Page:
The Supreme Court of Delaware has formally struck down state laws allowing universal mail-in voting and same-day voter registration, finding the statutes violate the state’s constitution.
The court unanimously ruled against the laws in October—preventing no excuse required mail-in voting and same-day voter registration from being used in the Nov. 8 general elections—but didn’t make public a full opinion explaining its reasons until Dec. 16.
Before that, on Sept. 14, the Court of Chancery of Delaware found that the state’s mail-in voting practices violate the Delaware Constitution, The Epoch Times reported.
Christian Adams, president of the Public Interest Legal Foundation (PILF), who brought the lawsuit, hailed the decision in a statement to The Epoch Times.
“This was a monumental victory in the election integrity space,” said Adams, a former U.S. Department of Justice civil rights attorney.
“This is the first time a state Supreme Court has invalidated an election statute,” he said. “This law violated the plain text of the Delaware Constitution. Today’s opinion is a victory for the rule of law in elections.”
Ken Blackwell, a PILF board member and former Republican secretary of state for Ohio, added that “election integrity should be an issue all Americans can support.”
“The fact that this might be the first time a state supreme court has struck down a state election law highlights the perilous times we are in, where partisan politicians are willing to cross lines that have never been crossed, willing to seize and keep power at all costs,” Blackwell said in the statement.
PILF describes itself as “the nation’s only public interest law firm dedicated wholly to election integrity.”
The nonprofit organization “exists to assist states and others to aid the cause of election integrity, and fight against lawlessness in American elections.”
The Democratic-controlled Delaware General Assembly hurriedly passed the voting-by-mail law this past June after failing to secure enough Republican support to amend the state constitution to enshrine the policy.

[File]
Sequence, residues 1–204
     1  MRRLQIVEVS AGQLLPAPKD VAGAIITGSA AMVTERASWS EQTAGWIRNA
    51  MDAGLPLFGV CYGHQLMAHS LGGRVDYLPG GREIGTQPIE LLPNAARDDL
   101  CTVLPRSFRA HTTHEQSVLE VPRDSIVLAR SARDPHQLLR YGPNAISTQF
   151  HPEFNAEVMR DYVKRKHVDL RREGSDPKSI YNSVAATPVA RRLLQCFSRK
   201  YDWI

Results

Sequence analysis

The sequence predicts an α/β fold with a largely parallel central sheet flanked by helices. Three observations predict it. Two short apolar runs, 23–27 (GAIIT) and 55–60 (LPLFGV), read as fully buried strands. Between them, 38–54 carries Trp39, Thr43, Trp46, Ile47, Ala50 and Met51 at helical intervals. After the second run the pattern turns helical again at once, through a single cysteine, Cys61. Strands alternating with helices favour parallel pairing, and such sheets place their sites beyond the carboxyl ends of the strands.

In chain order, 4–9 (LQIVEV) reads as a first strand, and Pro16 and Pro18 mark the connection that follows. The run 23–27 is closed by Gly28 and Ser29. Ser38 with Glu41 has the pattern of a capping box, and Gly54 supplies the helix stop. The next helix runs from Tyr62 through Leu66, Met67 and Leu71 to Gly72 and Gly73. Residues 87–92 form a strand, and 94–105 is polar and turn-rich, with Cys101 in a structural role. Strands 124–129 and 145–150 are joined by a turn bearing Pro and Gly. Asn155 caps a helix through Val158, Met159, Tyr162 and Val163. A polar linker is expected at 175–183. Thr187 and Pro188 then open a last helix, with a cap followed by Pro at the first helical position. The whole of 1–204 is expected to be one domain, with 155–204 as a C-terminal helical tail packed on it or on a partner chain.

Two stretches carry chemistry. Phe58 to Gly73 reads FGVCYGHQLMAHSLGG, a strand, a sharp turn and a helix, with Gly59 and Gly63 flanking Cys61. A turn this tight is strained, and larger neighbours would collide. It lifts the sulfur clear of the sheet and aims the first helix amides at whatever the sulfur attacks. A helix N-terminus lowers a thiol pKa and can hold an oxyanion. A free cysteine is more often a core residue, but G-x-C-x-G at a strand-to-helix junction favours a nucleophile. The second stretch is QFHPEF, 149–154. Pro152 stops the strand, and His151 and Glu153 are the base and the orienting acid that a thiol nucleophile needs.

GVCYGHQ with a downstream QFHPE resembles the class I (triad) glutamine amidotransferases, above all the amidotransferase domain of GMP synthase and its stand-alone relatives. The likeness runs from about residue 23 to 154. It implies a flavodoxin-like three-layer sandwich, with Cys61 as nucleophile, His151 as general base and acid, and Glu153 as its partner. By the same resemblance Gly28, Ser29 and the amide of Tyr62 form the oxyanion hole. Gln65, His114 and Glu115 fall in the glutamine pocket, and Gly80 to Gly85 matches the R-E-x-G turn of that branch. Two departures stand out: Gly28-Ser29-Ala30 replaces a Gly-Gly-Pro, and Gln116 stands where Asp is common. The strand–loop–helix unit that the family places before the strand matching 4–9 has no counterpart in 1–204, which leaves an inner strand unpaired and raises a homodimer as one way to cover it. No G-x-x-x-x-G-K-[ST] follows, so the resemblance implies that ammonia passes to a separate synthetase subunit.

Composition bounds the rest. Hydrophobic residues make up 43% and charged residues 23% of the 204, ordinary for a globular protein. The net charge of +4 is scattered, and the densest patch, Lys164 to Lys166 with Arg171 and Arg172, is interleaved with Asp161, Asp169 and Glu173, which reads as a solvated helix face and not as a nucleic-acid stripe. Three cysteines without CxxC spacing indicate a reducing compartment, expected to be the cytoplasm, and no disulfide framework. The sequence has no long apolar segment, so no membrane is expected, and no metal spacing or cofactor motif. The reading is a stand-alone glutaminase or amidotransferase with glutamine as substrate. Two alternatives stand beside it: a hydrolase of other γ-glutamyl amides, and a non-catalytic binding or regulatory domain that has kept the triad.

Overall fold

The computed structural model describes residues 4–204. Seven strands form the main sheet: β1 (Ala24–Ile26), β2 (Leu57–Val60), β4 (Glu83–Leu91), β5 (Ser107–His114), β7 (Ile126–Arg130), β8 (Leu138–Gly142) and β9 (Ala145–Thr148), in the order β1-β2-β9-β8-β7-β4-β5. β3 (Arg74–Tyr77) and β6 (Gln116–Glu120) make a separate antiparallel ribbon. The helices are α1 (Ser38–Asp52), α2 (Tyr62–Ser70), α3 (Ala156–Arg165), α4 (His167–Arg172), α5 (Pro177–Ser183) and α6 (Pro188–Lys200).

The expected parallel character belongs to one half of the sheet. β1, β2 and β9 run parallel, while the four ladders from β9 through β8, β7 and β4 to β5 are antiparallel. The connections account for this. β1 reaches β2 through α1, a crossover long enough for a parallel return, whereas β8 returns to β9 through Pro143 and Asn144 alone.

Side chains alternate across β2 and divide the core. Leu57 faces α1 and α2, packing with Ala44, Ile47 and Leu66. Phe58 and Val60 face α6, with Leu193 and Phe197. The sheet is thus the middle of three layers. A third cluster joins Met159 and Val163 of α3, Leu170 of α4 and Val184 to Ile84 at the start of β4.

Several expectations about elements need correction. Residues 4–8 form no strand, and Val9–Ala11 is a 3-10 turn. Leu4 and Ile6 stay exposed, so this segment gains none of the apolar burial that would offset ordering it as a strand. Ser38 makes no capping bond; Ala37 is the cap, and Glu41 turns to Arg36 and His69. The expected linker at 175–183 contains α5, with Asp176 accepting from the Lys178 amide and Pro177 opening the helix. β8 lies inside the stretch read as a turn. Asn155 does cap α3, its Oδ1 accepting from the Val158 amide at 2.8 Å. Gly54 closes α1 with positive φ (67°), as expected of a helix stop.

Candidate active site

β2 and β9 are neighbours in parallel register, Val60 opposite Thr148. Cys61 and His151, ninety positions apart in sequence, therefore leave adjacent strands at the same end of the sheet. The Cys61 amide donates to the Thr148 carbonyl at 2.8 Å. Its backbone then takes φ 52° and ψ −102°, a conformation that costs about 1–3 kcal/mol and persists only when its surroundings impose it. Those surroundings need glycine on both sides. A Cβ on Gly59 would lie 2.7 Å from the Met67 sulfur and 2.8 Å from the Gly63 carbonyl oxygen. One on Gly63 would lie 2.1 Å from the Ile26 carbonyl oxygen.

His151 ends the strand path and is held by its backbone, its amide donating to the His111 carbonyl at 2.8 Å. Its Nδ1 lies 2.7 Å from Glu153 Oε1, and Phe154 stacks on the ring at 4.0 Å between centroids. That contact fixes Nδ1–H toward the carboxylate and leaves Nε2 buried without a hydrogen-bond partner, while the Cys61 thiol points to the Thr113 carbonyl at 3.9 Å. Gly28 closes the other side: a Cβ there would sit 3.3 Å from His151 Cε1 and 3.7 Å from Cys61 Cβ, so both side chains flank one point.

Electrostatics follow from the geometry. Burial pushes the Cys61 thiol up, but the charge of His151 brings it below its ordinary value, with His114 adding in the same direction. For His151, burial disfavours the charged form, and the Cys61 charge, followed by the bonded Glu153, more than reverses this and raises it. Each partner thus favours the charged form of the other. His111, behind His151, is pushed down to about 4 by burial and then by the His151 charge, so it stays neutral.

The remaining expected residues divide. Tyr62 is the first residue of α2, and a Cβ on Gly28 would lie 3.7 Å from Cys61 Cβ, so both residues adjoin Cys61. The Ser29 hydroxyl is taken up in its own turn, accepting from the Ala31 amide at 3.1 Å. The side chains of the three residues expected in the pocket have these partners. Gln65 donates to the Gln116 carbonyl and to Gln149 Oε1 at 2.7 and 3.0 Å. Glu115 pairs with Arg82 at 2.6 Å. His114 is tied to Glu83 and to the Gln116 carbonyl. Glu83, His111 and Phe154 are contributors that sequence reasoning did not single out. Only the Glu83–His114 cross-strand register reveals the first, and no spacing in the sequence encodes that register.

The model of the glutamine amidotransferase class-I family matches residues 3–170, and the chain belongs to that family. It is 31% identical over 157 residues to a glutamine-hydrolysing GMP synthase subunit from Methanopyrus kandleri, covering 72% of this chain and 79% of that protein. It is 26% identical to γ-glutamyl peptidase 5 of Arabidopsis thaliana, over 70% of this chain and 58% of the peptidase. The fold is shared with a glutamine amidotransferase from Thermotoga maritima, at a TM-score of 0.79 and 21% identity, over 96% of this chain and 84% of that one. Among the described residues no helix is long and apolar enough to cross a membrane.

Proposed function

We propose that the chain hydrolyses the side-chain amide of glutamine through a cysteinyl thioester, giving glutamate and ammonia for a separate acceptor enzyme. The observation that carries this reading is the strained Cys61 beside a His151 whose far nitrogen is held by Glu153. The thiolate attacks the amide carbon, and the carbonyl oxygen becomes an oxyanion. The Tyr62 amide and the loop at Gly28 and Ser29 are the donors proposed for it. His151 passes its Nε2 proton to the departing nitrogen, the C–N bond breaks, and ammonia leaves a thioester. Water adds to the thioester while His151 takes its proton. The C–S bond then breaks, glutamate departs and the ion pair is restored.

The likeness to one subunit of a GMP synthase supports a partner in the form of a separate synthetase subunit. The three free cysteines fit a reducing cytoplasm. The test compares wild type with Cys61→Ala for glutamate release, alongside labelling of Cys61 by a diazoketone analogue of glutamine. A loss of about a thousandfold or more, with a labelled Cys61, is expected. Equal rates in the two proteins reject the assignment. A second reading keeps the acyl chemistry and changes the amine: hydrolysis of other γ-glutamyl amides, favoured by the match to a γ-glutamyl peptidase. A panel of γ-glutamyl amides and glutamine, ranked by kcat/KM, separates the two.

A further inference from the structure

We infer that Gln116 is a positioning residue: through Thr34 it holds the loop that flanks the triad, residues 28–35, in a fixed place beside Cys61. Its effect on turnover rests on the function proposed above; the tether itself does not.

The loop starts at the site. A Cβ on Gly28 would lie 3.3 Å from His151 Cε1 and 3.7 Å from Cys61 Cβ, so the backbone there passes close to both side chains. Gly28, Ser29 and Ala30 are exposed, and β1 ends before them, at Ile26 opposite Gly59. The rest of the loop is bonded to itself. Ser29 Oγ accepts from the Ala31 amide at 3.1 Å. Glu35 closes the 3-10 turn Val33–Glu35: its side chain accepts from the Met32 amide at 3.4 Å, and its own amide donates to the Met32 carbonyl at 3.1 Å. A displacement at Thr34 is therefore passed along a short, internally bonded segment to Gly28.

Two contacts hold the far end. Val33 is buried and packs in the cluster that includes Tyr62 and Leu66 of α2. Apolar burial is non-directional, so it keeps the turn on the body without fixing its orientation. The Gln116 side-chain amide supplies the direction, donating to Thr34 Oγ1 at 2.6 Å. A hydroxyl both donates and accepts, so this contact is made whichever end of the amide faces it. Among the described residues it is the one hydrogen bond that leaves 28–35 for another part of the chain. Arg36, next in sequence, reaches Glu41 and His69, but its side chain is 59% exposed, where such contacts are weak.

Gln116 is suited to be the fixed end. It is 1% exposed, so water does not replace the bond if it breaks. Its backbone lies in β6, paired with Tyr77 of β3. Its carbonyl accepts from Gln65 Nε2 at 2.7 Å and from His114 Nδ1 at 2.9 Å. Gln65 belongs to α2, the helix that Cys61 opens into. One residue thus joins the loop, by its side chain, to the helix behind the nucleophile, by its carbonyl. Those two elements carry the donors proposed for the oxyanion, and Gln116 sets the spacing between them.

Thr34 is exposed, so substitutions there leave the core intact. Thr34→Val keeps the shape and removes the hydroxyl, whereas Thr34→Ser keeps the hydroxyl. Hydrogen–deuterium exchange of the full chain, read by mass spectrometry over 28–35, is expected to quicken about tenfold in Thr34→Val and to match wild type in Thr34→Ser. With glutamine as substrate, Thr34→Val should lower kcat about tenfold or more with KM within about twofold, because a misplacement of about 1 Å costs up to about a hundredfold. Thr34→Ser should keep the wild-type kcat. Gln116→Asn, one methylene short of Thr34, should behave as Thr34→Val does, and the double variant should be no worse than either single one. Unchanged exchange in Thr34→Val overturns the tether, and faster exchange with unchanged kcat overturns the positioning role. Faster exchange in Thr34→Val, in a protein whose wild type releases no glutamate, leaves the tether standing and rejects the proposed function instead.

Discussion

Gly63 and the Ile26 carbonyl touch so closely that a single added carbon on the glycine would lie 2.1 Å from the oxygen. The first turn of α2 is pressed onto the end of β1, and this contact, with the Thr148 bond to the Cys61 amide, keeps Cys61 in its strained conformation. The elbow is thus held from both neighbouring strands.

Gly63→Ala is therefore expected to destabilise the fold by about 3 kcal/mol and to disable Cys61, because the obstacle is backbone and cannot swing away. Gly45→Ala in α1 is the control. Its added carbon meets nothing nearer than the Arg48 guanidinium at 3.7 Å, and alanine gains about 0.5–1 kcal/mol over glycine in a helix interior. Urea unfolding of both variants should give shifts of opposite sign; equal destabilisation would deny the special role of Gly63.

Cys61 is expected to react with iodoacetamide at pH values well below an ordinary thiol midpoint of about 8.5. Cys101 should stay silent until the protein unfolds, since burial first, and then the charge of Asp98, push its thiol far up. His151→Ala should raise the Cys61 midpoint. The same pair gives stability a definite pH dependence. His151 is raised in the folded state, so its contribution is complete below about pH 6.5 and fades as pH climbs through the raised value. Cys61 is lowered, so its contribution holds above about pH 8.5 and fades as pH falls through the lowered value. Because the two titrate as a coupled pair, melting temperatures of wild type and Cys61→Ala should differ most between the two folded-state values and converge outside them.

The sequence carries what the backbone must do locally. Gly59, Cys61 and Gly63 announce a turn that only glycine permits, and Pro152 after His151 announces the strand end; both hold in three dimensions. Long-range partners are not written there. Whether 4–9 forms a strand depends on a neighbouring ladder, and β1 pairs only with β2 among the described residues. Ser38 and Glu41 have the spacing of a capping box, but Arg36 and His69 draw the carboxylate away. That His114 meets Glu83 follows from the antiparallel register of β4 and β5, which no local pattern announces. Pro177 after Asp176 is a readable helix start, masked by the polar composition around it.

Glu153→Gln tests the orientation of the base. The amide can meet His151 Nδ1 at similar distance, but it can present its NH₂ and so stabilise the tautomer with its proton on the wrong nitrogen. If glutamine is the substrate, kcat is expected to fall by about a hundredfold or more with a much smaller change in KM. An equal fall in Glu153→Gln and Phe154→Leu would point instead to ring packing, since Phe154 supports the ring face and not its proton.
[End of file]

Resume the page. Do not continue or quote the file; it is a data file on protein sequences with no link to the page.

Lawmakers previously approved a separate voting-by-mail law during the pandemic in 2020, invoking emergency powers that allowed the statute to escape the usual constitutional scrutiny.
Republicans across the country, including then-President Donald Trump, were critical of mail-in voting measures enacted at the height of the pandemic and accused election officials of ignoring federal and state constitutions by allowing it.
They claim this departure from the usual election procedures allowed Democrats to allegedly cheat.
But in this case, Delaware lawmakers didn’t reference any emergency-based justification when passing the new laws, which gave state courts greater leeway to rule they were unconstitutional.
In the new decision, Justice Gary Traynor, a Republican, recounted that Gov. John Carney Jr., a Democrat, signed laws on July 22 changing the registration deadline from the fourth Saturday before the date of the election to the actual day of the election, and allowing all state voters to cast their ballots by mail whether or not they are able to appear at a polling place.
“[N]either of the newly enacted laws passes muster under the Delaware Constitution,” Traynor wrote in the new 72-page opinion.
The case is Albence v. Higgin (case number 342-2022).
The Epoch Times has reached out to State Election Commissioner Anthony Albence, who was a defendant in the legal proceeding, and to Delaware Attorney General Kathy Jennings, a Democrat who defended the law in court, for comment.